Doctor Develops Procedure to Help Regulate Heartbeats
Posted June 20, 2007
Updated June 21, 2007
Pinehurst — Four million people have atrial fibrillation, the most common heart rhythm disorder.
Out of 700,000 strokes in the United States every year, 140,000 can be linked to atrial fibrillation. It's most common in the elderly or those with different heart defects.
Electrical impulses are what cause the heart to beat and pump blood. For some people, that system can go haywire and cause the heart's atrial chambers to fibrillate or beat irregularly. That's called atrial fibrillation.
More blood pools up in the upper chambers, which increases the risk of clots and, therefore, stroke. The options have been medical management, shock therapy to bring the heart back into rhythm, ablation therapy or surgical treatment.
A new procedure developed at FirstHealth Moore Regional Hospital called the Ex Maze procedure is a less invasive way to get the heart permanently back in rhythm.
The standard surgery, called the Cox Maze procedure, involves stopping the heart, cutting it into sections and sewing it back together. The scars redirect the electrical currents to restore normal rhythm.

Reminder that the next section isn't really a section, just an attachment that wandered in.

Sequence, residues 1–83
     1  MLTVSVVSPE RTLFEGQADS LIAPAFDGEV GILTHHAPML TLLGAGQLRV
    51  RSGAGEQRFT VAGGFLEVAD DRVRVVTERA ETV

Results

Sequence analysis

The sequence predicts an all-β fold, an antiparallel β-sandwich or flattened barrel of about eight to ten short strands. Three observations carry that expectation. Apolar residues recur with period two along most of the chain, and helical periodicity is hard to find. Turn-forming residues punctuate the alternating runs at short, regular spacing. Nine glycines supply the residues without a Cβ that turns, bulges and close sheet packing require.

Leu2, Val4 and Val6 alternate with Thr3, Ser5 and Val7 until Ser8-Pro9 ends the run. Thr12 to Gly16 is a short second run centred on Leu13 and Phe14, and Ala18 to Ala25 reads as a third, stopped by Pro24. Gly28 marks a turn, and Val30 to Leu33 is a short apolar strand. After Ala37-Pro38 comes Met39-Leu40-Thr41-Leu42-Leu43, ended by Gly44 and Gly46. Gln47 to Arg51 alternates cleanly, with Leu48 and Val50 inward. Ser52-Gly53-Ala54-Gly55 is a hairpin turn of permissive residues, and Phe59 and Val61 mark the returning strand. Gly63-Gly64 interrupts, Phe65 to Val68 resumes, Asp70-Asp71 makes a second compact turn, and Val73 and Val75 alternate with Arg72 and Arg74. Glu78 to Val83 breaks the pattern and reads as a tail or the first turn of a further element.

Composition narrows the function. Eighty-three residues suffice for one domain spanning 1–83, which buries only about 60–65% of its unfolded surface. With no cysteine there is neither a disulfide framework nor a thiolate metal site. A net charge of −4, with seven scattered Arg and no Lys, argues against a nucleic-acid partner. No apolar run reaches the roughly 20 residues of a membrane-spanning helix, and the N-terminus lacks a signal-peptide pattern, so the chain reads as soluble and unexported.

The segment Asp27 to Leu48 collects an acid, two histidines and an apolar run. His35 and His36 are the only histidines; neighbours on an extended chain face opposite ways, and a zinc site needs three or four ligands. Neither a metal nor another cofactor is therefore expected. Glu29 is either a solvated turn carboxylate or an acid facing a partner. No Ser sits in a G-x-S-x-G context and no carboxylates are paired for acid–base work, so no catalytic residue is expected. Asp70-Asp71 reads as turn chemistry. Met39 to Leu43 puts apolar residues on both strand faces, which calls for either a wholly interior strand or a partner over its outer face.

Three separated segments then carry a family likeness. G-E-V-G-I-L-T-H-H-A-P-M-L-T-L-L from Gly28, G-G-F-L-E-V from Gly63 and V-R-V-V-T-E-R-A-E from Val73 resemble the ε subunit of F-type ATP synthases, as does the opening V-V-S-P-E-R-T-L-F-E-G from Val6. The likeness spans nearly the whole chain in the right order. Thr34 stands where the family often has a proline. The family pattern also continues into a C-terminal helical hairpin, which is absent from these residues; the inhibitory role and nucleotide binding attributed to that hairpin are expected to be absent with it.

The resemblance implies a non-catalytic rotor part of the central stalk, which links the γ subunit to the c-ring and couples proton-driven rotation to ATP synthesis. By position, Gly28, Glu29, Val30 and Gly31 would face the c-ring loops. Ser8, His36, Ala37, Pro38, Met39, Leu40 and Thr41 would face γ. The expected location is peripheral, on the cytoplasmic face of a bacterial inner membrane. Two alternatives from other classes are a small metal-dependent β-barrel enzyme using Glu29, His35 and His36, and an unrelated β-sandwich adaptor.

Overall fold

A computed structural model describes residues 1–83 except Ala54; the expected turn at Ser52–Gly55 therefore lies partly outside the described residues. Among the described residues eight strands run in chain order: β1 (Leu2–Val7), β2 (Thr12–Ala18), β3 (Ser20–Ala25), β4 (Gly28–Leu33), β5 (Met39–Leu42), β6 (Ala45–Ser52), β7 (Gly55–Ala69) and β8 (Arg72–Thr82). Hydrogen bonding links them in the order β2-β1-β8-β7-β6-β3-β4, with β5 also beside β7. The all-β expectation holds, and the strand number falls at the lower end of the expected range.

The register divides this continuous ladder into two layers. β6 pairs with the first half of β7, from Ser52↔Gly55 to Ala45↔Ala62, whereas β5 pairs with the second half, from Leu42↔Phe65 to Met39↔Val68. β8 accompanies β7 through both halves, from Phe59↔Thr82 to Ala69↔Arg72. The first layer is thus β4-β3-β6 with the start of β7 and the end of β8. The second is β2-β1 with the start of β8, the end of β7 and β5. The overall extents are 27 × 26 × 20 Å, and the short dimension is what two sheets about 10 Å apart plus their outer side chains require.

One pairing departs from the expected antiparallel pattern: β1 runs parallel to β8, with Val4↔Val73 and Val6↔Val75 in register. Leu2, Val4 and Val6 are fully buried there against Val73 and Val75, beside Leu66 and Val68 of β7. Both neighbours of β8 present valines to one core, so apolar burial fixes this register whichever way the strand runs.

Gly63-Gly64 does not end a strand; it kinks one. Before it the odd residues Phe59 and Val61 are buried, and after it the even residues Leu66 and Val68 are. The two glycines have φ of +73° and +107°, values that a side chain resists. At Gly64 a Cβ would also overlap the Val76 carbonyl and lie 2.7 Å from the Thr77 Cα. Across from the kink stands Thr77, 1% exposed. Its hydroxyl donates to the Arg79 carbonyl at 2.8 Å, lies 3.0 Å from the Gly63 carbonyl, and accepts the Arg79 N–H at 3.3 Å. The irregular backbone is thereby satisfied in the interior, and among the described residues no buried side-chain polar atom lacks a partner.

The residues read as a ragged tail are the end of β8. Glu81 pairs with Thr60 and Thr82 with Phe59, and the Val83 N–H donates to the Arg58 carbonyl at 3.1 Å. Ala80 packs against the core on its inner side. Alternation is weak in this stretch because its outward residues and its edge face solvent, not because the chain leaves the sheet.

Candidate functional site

Dr. Andy C. Kiser, chief of thoracic surgery at FirstHealth Moore Regional and a cardiologist, developed a new procedure called Ex Maze to accomplish the same thing as Cox Maze, but less invasively.
Using a plastic surgical model, Kiser demonstrated how his procedure uses a special heating coil encased in a long tube.
"We pass the device behind the heart, and the tether pulls right behind the heart and you can see how easily that goes through," he said.
Suction attaches the short heating coil to the surface of the heart to create a scar. The multiple scars form a pattern, or maze, all around the surface of the heart to disrupt the irregular electrical impulses.
"You direct the current of the heart in the direction that you want it to go," Kiser said.
There have been 70 such procedures done worldwide; 20 of them at FirstHealth Moore Regional Hospital. It's where many surgeons around the country will come for Ex Maze training.
"There are 3 or 4 million Americans today who don't have a good treatment for atrial fibrillation," Kiser said. "This device has really enabled us to do now what people have been trying to do for years, without having to stop the heart and cut the heart."
Until now, the procedure has only been done in conjunction with other open heart procedures. In about two months, the first "stand alone" Ex Maze procedure will be done at FirstHealth Moore Regional Hospital.
Kiser said the long-term plan is to try to do the procedure laparoscopically through small incisions, but even standard surgery for it poses a much lower risk than the current standard surgery of stopping and cutting into the heart.